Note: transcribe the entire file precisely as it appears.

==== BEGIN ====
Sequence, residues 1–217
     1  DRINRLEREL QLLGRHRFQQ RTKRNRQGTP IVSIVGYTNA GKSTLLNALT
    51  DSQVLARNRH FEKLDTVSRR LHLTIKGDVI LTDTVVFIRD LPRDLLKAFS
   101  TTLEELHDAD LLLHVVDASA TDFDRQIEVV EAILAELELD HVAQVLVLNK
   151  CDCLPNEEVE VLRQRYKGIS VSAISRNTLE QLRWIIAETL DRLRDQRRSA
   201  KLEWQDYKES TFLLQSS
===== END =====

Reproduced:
Sequence, residues 1–217
     1  DRINRLEREL QLLGRHRFQQ RTKRNRQGTP IVSIVGYTNA GKSTLLNALT
    51  DSQVLARNRH FEKLDTVSRR LHLTIKGDVI LTDTVVFIRD LPRDLLKAFS
   101  TTLEELHDAD LLLHVVDASA TDFDRQIEVV EAILAELELD HVAQVLVLNK
   151  CDCLPNEEVE VLRQRYKGIS VSAISRNTLE QLRWIIAETL DRLRDQRRSA
   201  KLEWQDYKES TFLLQSS